Tuesday, April 6, 2021

10 Movies I'm Excited to See at Panic Fest

 by Patrick Bromley

One of my most anticipated film fests of the year is going virtual!
Among the very, very few good things to come out of ALL THIS HAPPENING in the last year is the rise of virtual film festivals, allowing movie fans all over the world to attend fests they might otherwise have no chance to attend. One of the fests I've wanted to attend -- and came close to going last year, held just before the pandemic hit -- is Panic Fest in Kansas City, Missouri. While there will still be an in-person festival this year (with COVID restrictions and guidelines), the good people at Panic Fest have also introduced a virtual component that will allow anyone to check out their impressive slate of features, shorts, and programming, including live podcasts from Screen Drafts, Nightmare on Film Street, and our friends at both Colors of the Dark and Nightmare Junkhead.

I've already seen three of the films playing the fest this year -- Jakob's Wife, The Stylist, and Censor, all of which come highly recommended. Here are some more movies I'm anticipating, in almost no particular order:

1. Prisoners of the Ghostland (dir. Sion Sono)

This played at Sundance in January but I wasn't able to secure a ticket. I know the reviews were very, very mixed -- even my own Horror BFF Heather Wixson wasn't crazy about it -- but it's Nicolas Cage in a Sion Sono movie, so it's my most anticipated movie of the festival. Update: The festival website informs me there will be no virtual screening of this movie, so I'm out of luck again. Oh well.

Here's the plot summary from the Panic Fest site:

A notorious criminal must break an evil curse in order to rescue an abducted girl who has mysteriously disappeared.

2. Red Snow (dir. Sean Nichols Lynch)

I know nothing about this movie except the plot summary, but that's enough for me.

A struggling vampire romance novelist must defend herself against real-life vampires during Christmas in Lake Tahoe.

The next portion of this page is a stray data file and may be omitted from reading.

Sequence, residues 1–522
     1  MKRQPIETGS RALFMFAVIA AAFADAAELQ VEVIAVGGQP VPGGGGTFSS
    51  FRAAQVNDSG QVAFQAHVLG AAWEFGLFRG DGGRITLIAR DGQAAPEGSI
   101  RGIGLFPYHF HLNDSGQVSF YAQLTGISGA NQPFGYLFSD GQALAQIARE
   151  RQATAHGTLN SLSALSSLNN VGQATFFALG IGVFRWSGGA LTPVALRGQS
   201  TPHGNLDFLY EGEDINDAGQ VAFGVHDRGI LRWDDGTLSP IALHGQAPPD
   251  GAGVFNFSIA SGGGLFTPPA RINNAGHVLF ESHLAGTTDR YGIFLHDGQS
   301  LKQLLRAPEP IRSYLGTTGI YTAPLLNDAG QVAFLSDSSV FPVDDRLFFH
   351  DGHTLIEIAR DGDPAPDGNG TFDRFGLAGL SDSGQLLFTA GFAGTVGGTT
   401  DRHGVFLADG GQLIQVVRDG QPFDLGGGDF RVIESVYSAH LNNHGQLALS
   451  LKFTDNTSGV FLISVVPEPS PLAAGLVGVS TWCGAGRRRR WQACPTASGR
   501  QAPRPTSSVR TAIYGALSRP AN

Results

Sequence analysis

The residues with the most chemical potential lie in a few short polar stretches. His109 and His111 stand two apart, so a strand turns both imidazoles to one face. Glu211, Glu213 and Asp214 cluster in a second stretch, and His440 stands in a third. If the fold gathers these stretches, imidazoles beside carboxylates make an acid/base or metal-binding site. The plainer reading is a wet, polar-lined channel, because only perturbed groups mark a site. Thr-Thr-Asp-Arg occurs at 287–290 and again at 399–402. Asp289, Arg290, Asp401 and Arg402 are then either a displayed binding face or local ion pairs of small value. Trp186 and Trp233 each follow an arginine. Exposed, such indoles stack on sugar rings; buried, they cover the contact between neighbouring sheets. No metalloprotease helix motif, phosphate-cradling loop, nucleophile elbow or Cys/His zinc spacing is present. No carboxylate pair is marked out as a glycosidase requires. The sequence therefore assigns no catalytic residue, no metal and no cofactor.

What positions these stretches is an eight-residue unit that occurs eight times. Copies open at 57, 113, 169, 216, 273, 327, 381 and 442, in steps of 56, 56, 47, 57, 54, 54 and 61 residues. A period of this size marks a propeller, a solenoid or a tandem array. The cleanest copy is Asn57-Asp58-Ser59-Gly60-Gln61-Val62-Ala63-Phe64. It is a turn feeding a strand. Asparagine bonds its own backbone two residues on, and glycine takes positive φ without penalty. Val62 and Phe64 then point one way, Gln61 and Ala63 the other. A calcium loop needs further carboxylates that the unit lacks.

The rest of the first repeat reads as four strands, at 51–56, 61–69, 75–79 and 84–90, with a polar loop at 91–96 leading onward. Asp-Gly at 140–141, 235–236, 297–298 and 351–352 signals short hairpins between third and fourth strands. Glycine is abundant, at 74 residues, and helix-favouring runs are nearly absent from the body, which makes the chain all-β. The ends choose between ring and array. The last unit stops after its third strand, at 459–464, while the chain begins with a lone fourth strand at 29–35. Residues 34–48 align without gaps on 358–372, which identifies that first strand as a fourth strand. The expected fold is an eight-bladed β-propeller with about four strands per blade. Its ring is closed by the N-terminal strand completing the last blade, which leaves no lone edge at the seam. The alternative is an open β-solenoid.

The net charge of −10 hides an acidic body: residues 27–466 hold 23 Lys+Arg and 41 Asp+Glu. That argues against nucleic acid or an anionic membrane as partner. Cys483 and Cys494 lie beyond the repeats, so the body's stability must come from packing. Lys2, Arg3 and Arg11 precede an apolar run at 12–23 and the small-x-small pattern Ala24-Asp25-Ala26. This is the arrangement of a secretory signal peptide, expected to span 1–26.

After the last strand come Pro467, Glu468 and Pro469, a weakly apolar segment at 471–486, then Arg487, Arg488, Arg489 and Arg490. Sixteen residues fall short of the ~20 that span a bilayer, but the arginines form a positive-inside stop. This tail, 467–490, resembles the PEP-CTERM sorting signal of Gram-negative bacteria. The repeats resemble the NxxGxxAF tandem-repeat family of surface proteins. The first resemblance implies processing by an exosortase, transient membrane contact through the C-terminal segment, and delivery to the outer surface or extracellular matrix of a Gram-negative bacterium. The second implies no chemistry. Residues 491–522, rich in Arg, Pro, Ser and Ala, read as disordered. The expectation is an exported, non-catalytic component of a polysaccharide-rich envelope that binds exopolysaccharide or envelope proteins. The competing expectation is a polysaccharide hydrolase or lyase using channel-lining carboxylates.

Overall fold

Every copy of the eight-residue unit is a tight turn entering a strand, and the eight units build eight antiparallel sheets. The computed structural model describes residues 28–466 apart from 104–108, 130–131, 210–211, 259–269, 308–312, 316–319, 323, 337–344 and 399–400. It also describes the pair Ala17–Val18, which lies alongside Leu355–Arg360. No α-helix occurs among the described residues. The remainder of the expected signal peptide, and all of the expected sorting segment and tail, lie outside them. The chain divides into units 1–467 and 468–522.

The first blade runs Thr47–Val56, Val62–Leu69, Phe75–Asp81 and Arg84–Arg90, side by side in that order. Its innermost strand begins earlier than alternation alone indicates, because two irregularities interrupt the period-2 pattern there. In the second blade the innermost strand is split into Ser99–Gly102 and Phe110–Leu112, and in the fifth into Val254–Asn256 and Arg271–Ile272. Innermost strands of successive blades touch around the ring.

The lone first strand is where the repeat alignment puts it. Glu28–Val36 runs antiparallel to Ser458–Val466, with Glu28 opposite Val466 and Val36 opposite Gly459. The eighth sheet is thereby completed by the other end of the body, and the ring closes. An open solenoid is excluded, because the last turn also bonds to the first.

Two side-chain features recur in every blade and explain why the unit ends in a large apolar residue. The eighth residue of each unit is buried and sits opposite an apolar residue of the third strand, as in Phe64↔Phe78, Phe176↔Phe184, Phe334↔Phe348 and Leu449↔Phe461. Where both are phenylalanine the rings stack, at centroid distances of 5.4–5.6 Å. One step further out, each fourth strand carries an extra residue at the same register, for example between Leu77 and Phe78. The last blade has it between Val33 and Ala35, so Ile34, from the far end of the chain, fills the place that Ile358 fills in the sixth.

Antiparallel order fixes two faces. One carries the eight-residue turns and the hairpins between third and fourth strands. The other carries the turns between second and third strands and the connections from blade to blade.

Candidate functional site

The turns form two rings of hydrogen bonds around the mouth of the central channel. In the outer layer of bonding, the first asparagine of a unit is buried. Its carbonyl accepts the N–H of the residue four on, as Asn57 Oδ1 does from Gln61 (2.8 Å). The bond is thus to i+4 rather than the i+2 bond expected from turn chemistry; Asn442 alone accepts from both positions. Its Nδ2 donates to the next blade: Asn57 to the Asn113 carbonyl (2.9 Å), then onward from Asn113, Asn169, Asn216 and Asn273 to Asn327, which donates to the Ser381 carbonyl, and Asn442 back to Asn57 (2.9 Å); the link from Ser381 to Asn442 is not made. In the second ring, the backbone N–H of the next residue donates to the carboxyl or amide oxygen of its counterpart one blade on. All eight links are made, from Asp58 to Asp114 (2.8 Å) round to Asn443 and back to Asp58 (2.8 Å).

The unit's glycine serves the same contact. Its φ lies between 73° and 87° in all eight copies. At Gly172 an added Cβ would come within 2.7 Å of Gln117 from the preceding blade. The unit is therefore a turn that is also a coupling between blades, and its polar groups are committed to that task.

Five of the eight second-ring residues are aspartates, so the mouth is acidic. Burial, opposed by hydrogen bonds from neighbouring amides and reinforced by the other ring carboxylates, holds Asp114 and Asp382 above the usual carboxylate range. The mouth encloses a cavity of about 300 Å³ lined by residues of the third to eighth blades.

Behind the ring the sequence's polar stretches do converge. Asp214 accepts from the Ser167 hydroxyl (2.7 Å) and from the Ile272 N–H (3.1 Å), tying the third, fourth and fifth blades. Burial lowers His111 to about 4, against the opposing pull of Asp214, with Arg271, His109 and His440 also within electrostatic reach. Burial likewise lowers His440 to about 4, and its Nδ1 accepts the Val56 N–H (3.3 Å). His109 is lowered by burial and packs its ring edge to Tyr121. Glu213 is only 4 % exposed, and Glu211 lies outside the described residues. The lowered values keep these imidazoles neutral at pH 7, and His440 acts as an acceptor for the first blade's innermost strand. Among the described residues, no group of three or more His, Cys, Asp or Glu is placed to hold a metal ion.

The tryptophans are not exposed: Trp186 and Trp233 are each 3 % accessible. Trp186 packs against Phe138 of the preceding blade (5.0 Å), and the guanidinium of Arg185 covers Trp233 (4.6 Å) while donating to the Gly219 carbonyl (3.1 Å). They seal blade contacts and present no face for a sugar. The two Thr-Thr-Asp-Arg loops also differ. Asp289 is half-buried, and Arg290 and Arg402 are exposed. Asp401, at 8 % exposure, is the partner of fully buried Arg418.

Vampires in the snow? Sign me up.

3. Vicious Fun (dir. Cody Calahan)

Between the fact that the main character is dressed like Marty McFly and works as a critic for a horror magazine, this one promises a lot to love. 

Joel, a caustic 1980s film critic for a national horror magazine, finds himself unwittingly trapped in a self-help group for serial killers. With no other choice, Joel attempts to blend in or risk becoming the next victim.

4. Blood Conscious (dir. Timothy Covell)
A vacationing family turns the tables on a mass shooter who claims to be fighting demonic forces.

The news of the last 20 years has me ready for a movie in which a mass shooter gets what's coming. Hopefully that's what this is.

5. Benny Loves You (dir. Karl Holt)
This one sold me from the picture accompanying the description. I want to watch that little doll fuck some people up.

Jack is desperately trying for a new start in life, but when he throws away his childhood bear Benny, it's a move that can only end in death.

6. The Last Matinee (dir. Maximiliano Contenti)
It's a soaking wet day with rain pouring down and one of the best things to do is to go seek refuge in a great old cinema. There's only one problem: A scary murderer is on the loose and he also has taken refuge there.

I love horror movies set in movie theaters -- or any kind of theater, really (see StageFright and Stage Fright) -- so I'm totally on board for this one.

7. Honeydew (dir. Devereux Milburn)
I'm hearing really good things about this one, but I'm also hearing that I should know next to nothing going in. This plot summary is as much as I want to find out:

Strange cravings and hallucinations befall a young couple after seeking shelter in the home of an aging farmer and her peculiar son.

8. The Blazing World (dir. Carlson Young)
This is another one that sold me based on the image. The plot synopsis sounds interesting, too, but it's really that Lynchian picture that has me excited to see it. It also sounds a little like Censor.

Decades after the accidental drowning of her twin sister, a self-destructive young woman returns to her family home, finding herself drawn to an alternate dimension where her sister may still be alive.

9. The Djinn (dir. David Charbonier, Justin Powell)
For Adam Riske.

A mute boy is trapped in his apartment with a sinister monster when he makes a wish to fulfill his heart's greatest desire.

10. She Watches From the Woods (dir. Beau Ballinger)
A troubled artist with a dark past attempts to make peace with her dying mother while investigating the mysterious death of her teenage sister.

Another movie I know nothing about, but it has a great title and a compelling log line. Like a lot of movies playing this year's fest, it also boasts a runtime of about 80 minutes, so it's sure to not overstay its welcome. 

This year's fest runs April 8 - 18. To learn more about this year's Panic Fest or to buy tickets, check here.

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